Unshakeable Salt

Philips Hue lightbulbs are making the mainstream press once again. The Red Tops are spreading fear, uncertainty and doubt about how your home is at risk. The Internet of Things will destroy you and ‘wont someone please think of the children’. Your Hue lightbulb is supposedly a way for hackers to get into your home network and then from there, own all your things.

Unshakeable Salt Ltd can speak with some authority on these devices, as we’ve been hacking them for some time. We have a full set up and lab of our own – being able to demonstrate how they can be used nefariously. Thankfully it’s not as easy as the story describes

Your Philips Hue light bulbs can still be hacked — and until recently, compromise your network

The Verge

The article is fairly alarmist, without every talking about the impacts of the vulnerability.

  • What does it actually mean to you as a home user?
  • How about if you use these in a business environment?
  • What is the worst that could happen if you have Hue -ified your premises and have not patched your bulbs, hubs and associated devices?

Hue Impact

Assuming the bad guys have ‘pwned’ your Hue bridge. Here’s the most likely scenarios for moneytising or weaponising their success.

Weaponisation of your home network to be part of a botnet.
This is the likely scenario. They will use any compromised devices on your network and your network bandwidth to take part in a DDOS attack against someone else. It’s been done before, the more devices the better for them. It doesn’t matter about how powerful (and a lightbulb isn’t), it’s about how many. The bad guys will use as part of their own weapons capability, or monetise by selling a DDOS-as-a-service to another group of bad guys.

Monetisation of your home network to hide other activity.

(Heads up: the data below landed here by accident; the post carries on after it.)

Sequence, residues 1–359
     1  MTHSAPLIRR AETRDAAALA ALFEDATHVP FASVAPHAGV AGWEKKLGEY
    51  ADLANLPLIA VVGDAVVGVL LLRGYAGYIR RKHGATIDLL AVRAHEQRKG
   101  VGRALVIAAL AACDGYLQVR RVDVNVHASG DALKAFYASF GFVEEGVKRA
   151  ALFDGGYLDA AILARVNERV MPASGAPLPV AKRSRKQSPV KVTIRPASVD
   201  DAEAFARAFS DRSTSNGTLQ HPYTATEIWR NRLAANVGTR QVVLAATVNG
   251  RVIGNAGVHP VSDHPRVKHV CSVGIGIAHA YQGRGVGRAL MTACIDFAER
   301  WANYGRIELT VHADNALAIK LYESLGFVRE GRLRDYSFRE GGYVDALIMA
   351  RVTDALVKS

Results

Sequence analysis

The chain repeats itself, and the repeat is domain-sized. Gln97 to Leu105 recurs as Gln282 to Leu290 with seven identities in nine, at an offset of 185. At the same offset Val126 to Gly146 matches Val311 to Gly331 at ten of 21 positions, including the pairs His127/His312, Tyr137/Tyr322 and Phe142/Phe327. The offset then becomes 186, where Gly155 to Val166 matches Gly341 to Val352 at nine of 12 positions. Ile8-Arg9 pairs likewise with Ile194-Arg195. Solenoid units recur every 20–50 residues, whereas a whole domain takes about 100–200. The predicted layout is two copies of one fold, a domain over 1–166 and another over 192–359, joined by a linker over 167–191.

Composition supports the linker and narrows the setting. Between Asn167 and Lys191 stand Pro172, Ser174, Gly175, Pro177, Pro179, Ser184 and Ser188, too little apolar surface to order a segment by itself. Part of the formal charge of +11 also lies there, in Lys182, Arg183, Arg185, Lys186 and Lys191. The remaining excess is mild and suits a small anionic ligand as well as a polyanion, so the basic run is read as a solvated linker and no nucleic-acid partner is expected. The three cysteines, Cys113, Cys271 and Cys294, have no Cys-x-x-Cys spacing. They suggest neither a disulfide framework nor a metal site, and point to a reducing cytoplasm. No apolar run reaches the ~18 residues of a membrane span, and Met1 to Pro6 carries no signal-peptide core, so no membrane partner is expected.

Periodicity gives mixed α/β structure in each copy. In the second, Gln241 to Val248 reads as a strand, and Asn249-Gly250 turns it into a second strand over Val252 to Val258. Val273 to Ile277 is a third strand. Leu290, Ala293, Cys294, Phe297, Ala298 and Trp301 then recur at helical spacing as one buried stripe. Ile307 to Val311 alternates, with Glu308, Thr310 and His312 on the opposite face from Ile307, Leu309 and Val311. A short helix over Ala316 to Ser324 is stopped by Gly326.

Also likely, where they will use your network as a proxy to hide their activity. The illegal sale of narcotics, guns or child pornography looks to hide behind someone else’s network. Being able to run their anonymising proxy has a value and would generate a good revenue stream. The first you could know about this could be a 4am knock on your door from local law enforcement – after all, it’s going to look like you.

Monetisation of you
This is plausible, but unlikely. There would be effort required for potential little or no financial gain. In this scenario the bad guy sits on your network and intercepts your network traffic. They want to try and capture your authentication details for other systems – such as online banking or your Netflix / Amazon / online shopping accounts.

But how likely?

Just like when the original vulnerabilities in Hue were discovered 4 years ago, there has to a reality check. Just how plausible is it that an attacker is going to come after you? Well in short, it’s very VERY unlikely. The alarmist article doesn’t really mention this. They say:

It’s also nice to know it might have taken a fairly clever, patient hacker to exploit this vulnerability in the first place.

They exploit this vulnerability from the internet. If they can, then you have more serious security concerns than your light bulbs. They need to be within the short range of your Zigbee hub with a device pretending to be something you own. Not only in range, but also there for a long enough time. How many days of your lights and devices misbehaving would it take for you to think ‘I need to reset my device back to its default settings’ ? They need to be still in range when you walk up to the Hue bridge and press that central button.

I know they used a drone in the printed article and that’s not realistic. More likely this would be an attack from a device left within range. Unless they were really lucky, that device would have to be powered on and working for days /weeks/months on end before it could compromise your network. That means that device is also going to cost more than they are likely to make from you – as a person.

Business context

The money or capability the bad guys could gain from this vulnerability are different in a business context. The network capability and number of devices would be higher if they could pwn a corporate network. The potential to man in the middle and steal corporate information or accounts would be so much better. In a business context, the cost of buying and losing a device to hang around long enough to hijack a Hue network is more negligible .

Running a separate VLAN or segregated network for all Internet-of-Things devices is always recommended. After all, that’s what we do with ours.

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